'Come help me. My mom's on fire'
"All I cared about was saving them," Maria de Jesus Vazquez said Monday by phone of how she made a sling out of a bedsheet to lower three of her four children -- ages 8 years, 4 years and 9 months -- to safety from their second-story apartment, which was on fire. Her oldest son, David Villegas, 10, stayed by her side.
"I told him, 'You have to be strong. If you start to cry I don't know what I'll do,'" she said.
She and David eventually made it out the front door and down the apartment steps, unharmed.
Vazquez's 8-year-old daughter, Noemi, alerted their downstairs neighbors, who were already sleeping.
"Her daughter, the one she lowered down, came and knocked on our door," said Myra Diaz, 16, whose family lived in a ground-floor apartment very near the flames. "She said 'Come help me, my mom's on fire.'"
She, her two sisters and their mom woke up in a hurry and went outside.
"After everyone got out, the fire started getting bigger," she said. "It was really smoky."
Others, some whom tenants knew only by sight, took it upon themselves to knock on doors to wake everyone up.
Monday all six displaced families were staying at Quincy Inn & Suites, where the Red Cross had placed them, until they can find a more permanent home.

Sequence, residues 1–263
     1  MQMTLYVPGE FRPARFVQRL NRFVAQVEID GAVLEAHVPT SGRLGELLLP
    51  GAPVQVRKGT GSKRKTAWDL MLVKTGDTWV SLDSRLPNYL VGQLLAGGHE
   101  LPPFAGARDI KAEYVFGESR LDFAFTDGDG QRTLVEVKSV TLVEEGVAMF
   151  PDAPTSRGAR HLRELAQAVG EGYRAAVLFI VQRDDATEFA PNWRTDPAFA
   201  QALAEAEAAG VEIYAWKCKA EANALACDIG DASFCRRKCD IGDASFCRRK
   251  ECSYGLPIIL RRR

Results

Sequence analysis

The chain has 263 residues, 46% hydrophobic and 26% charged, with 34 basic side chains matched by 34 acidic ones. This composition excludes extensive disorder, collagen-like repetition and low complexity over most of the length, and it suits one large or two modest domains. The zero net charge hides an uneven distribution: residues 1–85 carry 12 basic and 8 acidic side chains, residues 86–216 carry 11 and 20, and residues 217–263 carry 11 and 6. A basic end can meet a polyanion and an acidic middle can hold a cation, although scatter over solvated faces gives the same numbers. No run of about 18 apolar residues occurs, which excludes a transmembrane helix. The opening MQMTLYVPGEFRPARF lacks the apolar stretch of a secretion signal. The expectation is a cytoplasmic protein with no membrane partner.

The Housing Authority of Grant County hopes to place all the families in longer-term housing this week.
The 24 members of the six affected families include five children younger than 4, and one person older than 62, said Sandy Cain, emergency services director for the Apple Valley Chapter of the American Red Cross.
The two-story wood apartment building contained eight units and was part of a complex of four buildings, said Tony Leibelt, assistant chief of Grant County Fire District 3. Two of the units in the affected building were vacant.
Two of the units were damaged by flames, Leibelt said. The others, including the Diaz family's, were affected by water and firefighters' efforts to access and extinguish the blaze.
The cause of the fire is under investigation. The building is now evacuated, but many personal items remain inside.
Bellevue-based United Marketing manages the complex. Managers on the scene declined to comment, but said they're working to place some of the affected families in another complex the company manages in nearby Ephrata.
The Red Cross will continue to help, Cain said, until the families get settled.
"The fact that all 24 of these people escaped with no cuts, scrapes or burns is fantastic," she said. "These are real stories of hope and courage."
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